The general consensus for months has been that Maryland Gov. Larry Hogan, a Republican in a blue state, is a shoo-in to win a second term. Some polls rank him as the second most popular governor in the entire country. And, according to an April Goucher poll, Mr. Hogan is not only leading the Democrats in overall popularity, but he is also dominating them in almost every subcategory, with voters saying they have more confidence in him than other Democrats on key issues including the state budget, crime, taxes, economic development, and transportation and infrastructure.
Governor Hogan has brought some checks and balances to a state that in the past has been governed by one party rule. Most importantly, he has used the power of the pen exercising his veto authority. And his boutique initiatives — such as reducing bridge and tunnel tolls, which affect many Marylanders — have resonated well with the population.
Governor Hogan also understands basic math, and he realizes that Marylanders pull the lever roughly 2 to 1 Democrat; he has gone out of his way to appease this portion of the electorate. He has shielded himself from President Trump whenever possible. He boycotted the Republican National Convention in Cleveland, voted for his father on Election Day, pulled the National Guard off the boarder to protest the president’s immigration policies and stood largely silent while Maryland Attorney General Brian Frosh filed countless frivolous lawsuits against the Trump administration.
For political reasons, the governor has embraced far left polices such as the recent “red flag” gun control bill; in addition, he supported free college tuition. It appears the governor is playing to the left-leaners to make sure he doesn’t lose moderate Democrats. In theory, he should be a lock for his second term.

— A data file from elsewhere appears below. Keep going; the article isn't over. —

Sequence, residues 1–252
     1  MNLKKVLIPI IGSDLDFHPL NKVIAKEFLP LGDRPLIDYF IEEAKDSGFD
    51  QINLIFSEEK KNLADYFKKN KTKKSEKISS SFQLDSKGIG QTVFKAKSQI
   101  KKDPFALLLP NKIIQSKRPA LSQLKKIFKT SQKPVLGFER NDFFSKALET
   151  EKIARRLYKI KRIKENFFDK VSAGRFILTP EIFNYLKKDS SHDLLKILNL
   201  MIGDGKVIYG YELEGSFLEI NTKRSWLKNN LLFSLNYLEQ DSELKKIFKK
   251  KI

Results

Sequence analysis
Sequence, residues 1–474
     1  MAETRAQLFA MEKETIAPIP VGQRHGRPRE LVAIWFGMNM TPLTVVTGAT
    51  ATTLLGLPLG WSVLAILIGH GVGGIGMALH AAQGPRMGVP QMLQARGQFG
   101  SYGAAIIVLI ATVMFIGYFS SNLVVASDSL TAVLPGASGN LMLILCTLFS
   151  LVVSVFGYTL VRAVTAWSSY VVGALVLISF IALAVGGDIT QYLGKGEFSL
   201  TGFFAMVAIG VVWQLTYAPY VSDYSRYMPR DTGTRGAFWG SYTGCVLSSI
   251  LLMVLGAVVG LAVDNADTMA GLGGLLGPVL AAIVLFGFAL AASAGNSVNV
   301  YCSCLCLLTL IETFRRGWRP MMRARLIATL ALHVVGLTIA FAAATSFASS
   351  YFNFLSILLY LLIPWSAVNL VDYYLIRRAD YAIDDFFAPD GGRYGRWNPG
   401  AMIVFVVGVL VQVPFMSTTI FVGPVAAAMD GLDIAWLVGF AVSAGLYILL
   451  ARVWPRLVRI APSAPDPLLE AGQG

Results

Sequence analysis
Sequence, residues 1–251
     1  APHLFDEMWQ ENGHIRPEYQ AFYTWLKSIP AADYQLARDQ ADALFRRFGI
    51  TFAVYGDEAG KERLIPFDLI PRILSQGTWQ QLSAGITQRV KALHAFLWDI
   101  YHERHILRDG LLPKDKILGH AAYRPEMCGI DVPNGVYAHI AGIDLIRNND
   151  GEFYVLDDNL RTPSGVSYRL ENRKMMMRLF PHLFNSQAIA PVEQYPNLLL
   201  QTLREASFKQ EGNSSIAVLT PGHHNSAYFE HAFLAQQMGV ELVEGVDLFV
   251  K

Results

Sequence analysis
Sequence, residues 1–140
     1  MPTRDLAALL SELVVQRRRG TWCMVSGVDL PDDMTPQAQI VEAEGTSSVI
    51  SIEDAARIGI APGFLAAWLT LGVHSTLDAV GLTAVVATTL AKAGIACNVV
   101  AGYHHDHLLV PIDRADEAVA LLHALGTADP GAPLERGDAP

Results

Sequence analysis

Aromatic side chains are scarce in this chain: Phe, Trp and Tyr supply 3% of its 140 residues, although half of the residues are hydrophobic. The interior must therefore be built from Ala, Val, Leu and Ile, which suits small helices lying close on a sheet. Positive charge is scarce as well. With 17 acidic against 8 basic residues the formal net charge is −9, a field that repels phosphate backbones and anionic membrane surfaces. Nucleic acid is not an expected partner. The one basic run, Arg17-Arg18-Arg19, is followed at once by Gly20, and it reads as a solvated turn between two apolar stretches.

But there are variables that aren’t being calculated.
First, the O’Malley card is not in play this time around. Many Democrats during the second term of the O’Malley administration didn’t feel fairly represented by their own party, and many Republicans had a vitriolic hatred for the former governor; Mr. Hogan was able to seize those votes.
Second, in a non-presidential election, the Republicans are not only un-energized, many are turned off — or flat-out angered — by the governors more left-leaning actions.
But most importantly, we should take note of what took place during the primary election.
Democrats took a stand on the direction in which they want the state to move forward. They did not vote slightly to the left of center, rather they have steered far to the left. It appears the Democratic Party is not looking for moderate leadership.
The favorite to win the Democratic Primary for Baltimore County executive was State Sen. Jim Brochin with Vicki Almond within striking distance. Jim Brochin is considered an independent by many. The senator was caught off guard as his party lost a photo-finish recount to Johnny Olszewski, a far-left Democrat. The same occurred in the gubernatorial Democratic primary, when former president and chief executive officer of the NAACP, Ben Jealous, beat Prince Georges County Executive Rushern Baker.
Governor Hogan likely will continue to appease a party that cloaks itself in identity politics hoping they will return the favor at the election box in November. This strategy is a step beyond bipartisanship, and many in the governor’s own party are having a difficult time finding a reason to vote for Mr. Hogan other than they simply don’t want Ben Jealous in the governor’s mansion.
This is a risky game plan. Mr. Hogan may have impressive approval numbers today, but whether that will translate to Democratic votes tomorrow may not be a given.
Jimmy Mathis is a republican political strategist and commentator; his email is Mathis.firstname.lastname@example.org.